Human-computer interaction is the study of how people interact with computers and to what extent computers are or are not developed for successful interaction with human beings. This interaction between people and computers is constantly being studied and evaluated to better improve the way that the technologies are created so they are more user-friendly. There are many methods used to measure the quality of a particular interface. The most common are focus groups, think-aloud protocol, surveys/questionnaires, and usability tests. Another useful method of evaluation, and the focus of this post is utilizing feature checklists.
Unlike many of the other evaluation methods that test whether or not features work well and easily, feature checklists are used to determine if certain features are used at all. A feature that is created and implemented may pass all the tests and work great, but that does not necessarily mean that it will ever get used by typical users. Feature checklists work to figure out what features are not getting used and then the reasons why they are not being used.
Feature checklists, per the name, are simply checklists that contain every feature of a system. Along with the features are response categories that ask the user about the usage, knowledge, need, and source information of the features. These response categories prompt the user for specific information concerning the system features. The following is a list of what questions should be asked for each category:
- Usage: The main issue to pay attention to is to ask people to give specific quantitative estimates. E.g. “How many times did you perform a Save each hour during the last day when you were word processing?” Not: “Do you save, infrequently, sometimes, often…”. Remember that user’s memories are fallible, so try not to leave too long between performance and filling in a checklist.
- Check for knowledge: For each command — ask if user: suspects/expects that such a command exists, if they know it exists, if they have ever used it. An issue here is whether to describe the function or name the command or both.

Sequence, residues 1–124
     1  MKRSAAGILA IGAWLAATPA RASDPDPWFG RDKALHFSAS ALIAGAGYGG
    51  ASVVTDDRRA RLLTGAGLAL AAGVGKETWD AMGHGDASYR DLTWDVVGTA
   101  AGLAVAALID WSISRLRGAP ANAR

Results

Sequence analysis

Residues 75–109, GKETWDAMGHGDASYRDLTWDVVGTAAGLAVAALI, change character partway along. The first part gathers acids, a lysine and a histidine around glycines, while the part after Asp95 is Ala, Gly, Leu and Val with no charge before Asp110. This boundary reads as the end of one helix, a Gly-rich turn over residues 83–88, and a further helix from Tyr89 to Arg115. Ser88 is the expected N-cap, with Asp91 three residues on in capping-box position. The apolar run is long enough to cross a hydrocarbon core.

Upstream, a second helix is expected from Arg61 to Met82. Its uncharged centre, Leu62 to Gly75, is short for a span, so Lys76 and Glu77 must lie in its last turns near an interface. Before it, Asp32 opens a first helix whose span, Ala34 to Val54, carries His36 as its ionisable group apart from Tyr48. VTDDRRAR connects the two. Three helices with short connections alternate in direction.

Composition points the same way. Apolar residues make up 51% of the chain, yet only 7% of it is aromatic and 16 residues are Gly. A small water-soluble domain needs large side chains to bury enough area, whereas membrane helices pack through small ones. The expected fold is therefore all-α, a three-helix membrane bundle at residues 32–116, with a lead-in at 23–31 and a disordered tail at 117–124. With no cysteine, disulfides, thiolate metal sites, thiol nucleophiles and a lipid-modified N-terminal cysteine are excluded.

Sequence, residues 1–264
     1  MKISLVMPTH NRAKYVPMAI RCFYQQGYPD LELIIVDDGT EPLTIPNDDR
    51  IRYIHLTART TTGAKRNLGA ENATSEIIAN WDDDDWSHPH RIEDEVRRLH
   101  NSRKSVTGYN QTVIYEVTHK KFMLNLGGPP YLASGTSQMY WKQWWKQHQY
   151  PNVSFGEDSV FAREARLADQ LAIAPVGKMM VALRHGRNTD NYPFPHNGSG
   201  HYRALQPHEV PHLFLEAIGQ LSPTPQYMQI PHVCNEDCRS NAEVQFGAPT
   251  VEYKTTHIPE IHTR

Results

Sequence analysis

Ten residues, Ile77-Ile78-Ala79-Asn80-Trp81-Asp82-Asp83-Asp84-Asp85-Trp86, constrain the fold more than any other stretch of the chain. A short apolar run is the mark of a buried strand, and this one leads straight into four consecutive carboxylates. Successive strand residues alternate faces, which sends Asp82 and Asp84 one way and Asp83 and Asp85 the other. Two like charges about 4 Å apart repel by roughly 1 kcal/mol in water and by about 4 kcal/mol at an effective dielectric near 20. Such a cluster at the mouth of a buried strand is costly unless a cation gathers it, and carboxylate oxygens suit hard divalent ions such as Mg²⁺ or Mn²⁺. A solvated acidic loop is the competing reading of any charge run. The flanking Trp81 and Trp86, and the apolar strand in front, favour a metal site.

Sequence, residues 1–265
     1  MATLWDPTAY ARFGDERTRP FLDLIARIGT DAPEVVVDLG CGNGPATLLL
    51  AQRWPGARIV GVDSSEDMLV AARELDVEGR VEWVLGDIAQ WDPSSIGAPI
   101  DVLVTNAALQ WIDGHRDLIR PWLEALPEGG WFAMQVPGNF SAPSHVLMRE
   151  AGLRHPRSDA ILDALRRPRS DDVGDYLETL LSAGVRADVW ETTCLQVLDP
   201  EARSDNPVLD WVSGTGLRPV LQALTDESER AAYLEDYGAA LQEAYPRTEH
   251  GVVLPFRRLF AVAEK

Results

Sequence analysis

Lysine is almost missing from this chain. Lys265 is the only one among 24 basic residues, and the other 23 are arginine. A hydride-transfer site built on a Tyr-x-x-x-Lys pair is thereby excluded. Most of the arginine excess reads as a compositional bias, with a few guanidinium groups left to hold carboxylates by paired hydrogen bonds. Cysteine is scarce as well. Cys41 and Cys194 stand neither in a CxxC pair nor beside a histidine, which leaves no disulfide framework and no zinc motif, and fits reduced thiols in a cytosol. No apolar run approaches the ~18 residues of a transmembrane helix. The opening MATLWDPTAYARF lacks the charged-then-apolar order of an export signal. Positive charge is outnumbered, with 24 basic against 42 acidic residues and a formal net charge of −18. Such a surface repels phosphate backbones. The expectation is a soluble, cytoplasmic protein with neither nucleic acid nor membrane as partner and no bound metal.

- Check for need: You can ask whether they ever need this function, and current frequency of need, and their view of how this corresponds to actual use e.g. “On what proportion of the times when it would be useful did you invoke it?”
- Check for sources of information: You can also ask them to name the people they are most likely to chat with about, or comment on, commands and features of this interface. See if you can identify social clumps of usage/knowledge by correlating knowledge as measured by the checklist with these links between names.
Feature checklists may need to be written several times before a final one is decided on, but this process is very cheap compared to other types of evaluations. Once the final document has been created, the checklists are typically distributed to users who have fairly advanced experience with the system being tested. These users would be familiar with the system’s features names and uses. The checklists are easy to understand and very quick for a user to fill out considering they are just checking a box.
The data collected from the checklists will provide information on how many features there are, how many are known by users, how many are used, and how may are needed. With this data it can be concluded whether a not a system has too many commands that are useless and just distracting, or if there are features that are integral to a system, but are not being discovered by a user because of some flaw in the system.
Overall, these checklists are simple and cheap to create and distribute but offer a plethora of quantitative data that directly interacts with and serves real users.